The second night of Ty Segall‘s MASSIVE 10 week residency at The Teragram Ballroom was a perfect juxtaposition of the now classic, simple songwriting and garage riffs of 2010 paired with the refined and experimental material of a maturing artist.
Backed by an ensemble of familiar LA musicians performing as The Freedom Band, Ty and Co. set the evening in motion with a blazing rendition of the entirety of the recently released album First Taste. The Freedom Band (consisting of Mikal Cronin, Charles Moothart, Emmet Kelley, and Shannon Lay [perfectly adding six strings to the press-buzz generating “guitarless album”]) cast new light on an already new release by significantly boosting the energy of every single track. A swelling electric rendition of the a capella Ice Plant, now complete with percussion and strings, stands out as a highlight of the evening and a prime example of the power of live performance. Feeding upon the excitement of the audience and playing harder or with more feeling is the cycle that makes it more than just “songs from the album, but live.” It’s the entire purpose of seeing music in person and it’s exactly why shows like this one are so memorable. Beyond that, witnessing the multi-instrumental skills of Segall is something that could bring a greater level of appreciation to any fan. Seamlessly shifting from Guitar to electric mandolin and drums (all while remaining front and center and singing each song) is no small feat, especially with the ever growing technicality of much of the new material.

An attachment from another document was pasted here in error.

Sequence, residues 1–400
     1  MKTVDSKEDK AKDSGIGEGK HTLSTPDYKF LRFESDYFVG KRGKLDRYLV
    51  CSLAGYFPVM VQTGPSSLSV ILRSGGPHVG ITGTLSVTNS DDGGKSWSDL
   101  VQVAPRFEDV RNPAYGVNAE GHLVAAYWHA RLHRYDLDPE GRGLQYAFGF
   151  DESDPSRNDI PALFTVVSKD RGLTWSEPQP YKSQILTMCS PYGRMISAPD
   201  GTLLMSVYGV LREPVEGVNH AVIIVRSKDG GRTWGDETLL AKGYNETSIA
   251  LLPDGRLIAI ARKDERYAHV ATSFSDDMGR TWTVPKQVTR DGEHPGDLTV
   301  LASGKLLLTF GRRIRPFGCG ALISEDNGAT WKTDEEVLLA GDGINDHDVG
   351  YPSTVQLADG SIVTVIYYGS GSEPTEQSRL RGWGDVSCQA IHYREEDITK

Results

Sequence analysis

Despite the fantastic presentation of First Taste the main dish of the evening was obviously the complete performance of Ty’s 2010 album Melted – arguably the record that put him on the radar for a wider audience of fans nationwide with it’s striking cover art and memorable tracklist. Abandoning the drum kit placed at the front of the stage as the lights shifted away from the First Taste palette, Ty returned to his guitar and sent the audience into a frenzy with the intro of Finger. What was a moderately sized pit in the audience erupted and overflowed with everyone from Burger Records kids to older psych heads and skate bros losing their minds and screaming along with every single line. This was an album played at 11 with an audience exuding a level of excitement that could easily be interpreted as belligerence.
For any artist with such a prolific discography it’s hard to show this level of attention to most b-sides and lesser known tracks; thankfully this residency has given myself and others the opportunity to experience the material that made me become a fan long before I moved to LA and had the opportunity to catch a live show. Even those who’ve been spoiled with monthly exposure to Ty’s shows would be making a mistake if they chose to skip one of Ty and The Freedom Band’s upcoming Friday residency gigs.